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5 Strategies To Use When Working With Early Learners

Working with early learners with autism and other complex communication disorders can be such a rewarding experience. It can also be quite overwhelming. I wanted to share with you today the 5 five strategies I use when working with early learners who are non-verbal or limited verbally. Helping each student I work with find their voice is so very important!

1. Assess your student’s ability to request. Requesting is such a powerful function of our communication. Being able to let people know what they want throughout the day is vital to increasing our student’s ability to communicate with the world. When you are working with your student note whether they are able to independently request preferred items, places, activities, etc…

2. In conjunction with number 1, I always make a note of what items, activities, places, people, etc.. are preferred by my student. Knowing this information is so very vital in helping us determine what requests we can help our students practice throughout their therapy sessions and throughout their day. If you are working with a student who seems to have a very limited amount of preferred items, activities, places, etc…., you might want to use a preference assessment. There are very specific ways in which to gauge learner preference but a way to start with this process would be to use a preference assessment. I have linked to my favorite one here ( this can easily be read with the password you receive when signing up at www.abaspeech.org. A preference assessment can help you determine what your learner enjoys and this is important when working on requesting.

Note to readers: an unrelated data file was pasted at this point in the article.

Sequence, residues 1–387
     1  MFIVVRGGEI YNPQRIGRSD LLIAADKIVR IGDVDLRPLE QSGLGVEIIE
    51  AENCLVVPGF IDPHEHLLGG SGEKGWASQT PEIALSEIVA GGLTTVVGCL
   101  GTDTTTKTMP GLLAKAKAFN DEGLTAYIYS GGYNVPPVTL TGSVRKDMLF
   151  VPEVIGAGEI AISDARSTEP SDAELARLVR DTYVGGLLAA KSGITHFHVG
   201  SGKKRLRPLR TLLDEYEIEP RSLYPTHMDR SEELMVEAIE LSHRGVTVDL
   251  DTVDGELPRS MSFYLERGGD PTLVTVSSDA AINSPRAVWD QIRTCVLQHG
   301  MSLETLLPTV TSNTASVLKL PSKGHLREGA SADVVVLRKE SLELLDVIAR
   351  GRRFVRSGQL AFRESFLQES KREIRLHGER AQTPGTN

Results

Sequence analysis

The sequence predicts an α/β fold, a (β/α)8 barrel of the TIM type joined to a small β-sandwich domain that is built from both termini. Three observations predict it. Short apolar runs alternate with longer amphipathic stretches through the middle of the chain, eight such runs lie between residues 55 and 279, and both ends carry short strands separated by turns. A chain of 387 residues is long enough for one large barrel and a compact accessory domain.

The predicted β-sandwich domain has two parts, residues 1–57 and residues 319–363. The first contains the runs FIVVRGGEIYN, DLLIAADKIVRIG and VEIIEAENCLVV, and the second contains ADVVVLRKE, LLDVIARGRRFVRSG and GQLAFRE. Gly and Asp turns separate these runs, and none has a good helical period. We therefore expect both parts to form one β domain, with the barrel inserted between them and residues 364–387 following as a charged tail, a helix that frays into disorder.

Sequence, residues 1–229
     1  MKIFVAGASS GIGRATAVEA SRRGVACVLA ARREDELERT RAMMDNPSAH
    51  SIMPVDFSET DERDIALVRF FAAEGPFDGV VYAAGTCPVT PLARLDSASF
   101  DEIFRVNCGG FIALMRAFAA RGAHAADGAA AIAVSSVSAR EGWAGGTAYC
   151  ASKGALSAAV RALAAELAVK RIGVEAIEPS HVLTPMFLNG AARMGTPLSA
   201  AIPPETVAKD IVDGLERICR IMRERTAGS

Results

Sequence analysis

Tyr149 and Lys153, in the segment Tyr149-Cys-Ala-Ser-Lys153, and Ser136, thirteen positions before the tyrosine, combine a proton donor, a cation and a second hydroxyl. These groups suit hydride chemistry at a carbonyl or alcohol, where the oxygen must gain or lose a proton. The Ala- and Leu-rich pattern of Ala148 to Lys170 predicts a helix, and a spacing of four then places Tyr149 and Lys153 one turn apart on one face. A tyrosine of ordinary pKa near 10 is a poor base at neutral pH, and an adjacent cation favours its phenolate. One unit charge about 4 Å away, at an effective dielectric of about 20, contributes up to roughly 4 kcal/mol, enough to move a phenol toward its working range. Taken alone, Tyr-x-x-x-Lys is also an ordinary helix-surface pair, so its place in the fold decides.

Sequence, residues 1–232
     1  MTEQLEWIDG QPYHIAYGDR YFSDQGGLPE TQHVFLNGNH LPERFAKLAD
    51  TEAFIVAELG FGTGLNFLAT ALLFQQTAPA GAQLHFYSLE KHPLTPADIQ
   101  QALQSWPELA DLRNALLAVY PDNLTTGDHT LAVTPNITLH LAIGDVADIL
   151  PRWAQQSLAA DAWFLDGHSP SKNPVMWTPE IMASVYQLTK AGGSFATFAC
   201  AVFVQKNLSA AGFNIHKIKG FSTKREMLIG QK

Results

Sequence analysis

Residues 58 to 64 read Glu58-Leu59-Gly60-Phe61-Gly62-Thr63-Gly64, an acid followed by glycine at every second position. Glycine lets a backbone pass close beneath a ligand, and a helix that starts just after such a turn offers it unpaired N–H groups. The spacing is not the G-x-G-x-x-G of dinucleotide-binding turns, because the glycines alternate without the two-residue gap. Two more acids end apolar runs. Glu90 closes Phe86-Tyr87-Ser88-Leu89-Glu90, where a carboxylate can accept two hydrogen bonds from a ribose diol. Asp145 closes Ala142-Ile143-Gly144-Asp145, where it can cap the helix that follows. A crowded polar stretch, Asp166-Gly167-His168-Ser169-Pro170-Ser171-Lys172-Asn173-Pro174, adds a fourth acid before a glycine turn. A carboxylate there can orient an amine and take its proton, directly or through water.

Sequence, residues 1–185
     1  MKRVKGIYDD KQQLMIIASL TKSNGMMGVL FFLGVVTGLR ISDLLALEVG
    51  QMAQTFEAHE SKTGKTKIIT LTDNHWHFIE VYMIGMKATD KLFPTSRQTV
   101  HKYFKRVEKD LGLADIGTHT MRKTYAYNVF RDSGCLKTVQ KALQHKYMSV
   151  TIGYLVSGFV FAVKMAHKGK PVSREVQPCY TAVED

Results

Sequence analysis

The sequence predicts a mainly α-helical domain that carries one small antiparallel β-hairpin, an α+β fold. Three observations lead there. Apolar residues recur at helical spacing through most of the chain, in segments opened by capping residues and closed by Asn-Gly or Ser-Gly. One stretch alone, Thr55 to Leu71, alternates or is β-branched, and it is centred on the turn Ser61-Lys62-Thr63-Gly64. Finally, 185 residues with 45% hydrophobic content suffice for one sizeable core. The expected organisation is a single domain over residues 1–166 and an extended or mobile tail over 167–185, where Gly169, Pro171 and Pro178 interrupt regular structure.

3. Another very important factor that needs to be considered is how will the learner communicate. This is very much a team based decision and requires much discussion, thought and trial. Will the student use sign, pictures, a device, verbal speech or a combination of those? This is very individualized and needs to be discussed and probed with the student. This process can be dynamic and may change over time. Sign language can be such a great place to start and it often is not accepted as people may say ” I don’t know any sign.” A great website that can make this response form easier to understand is called www.lifeprint.com. Check out my tutorial on the subject here.

4. Collaboration among team members will also be very important for our learners. We need to make sure that all team members understand that we are working on requesting. We should provide information about why we start to work on requesting, what requesting looks like for our student and how we can embed this throughout the student’s day. If you feel comfortable sharing information you have learned about requesting with the team, this would be a great time to do that. If your team needs more support in learning this information, taking my course Help Me Find My Voice is a wonderful option. There are individual and group options available.

5. Start work on requesting with your learner. Make sure that you have a good understanding of what the student may be motivated to request, how they will request these items or activities and that the team is on board with these strategies. Being on the same page and working on requesting, can help our students “find their voice.” This video below ties in all of the above concepts. It is nice to include for a staff training on this very subject.

And if you prefer to take a listen to these 5 strategies discussed, take a listen to my Facebook Live on the subject.

I hope that you will join me in this journey in helping early learners with autism and other communication disorders find their voice. I have a wonderful course that covers these topics in greater detail. Check out my course Help Me Find My Voice.

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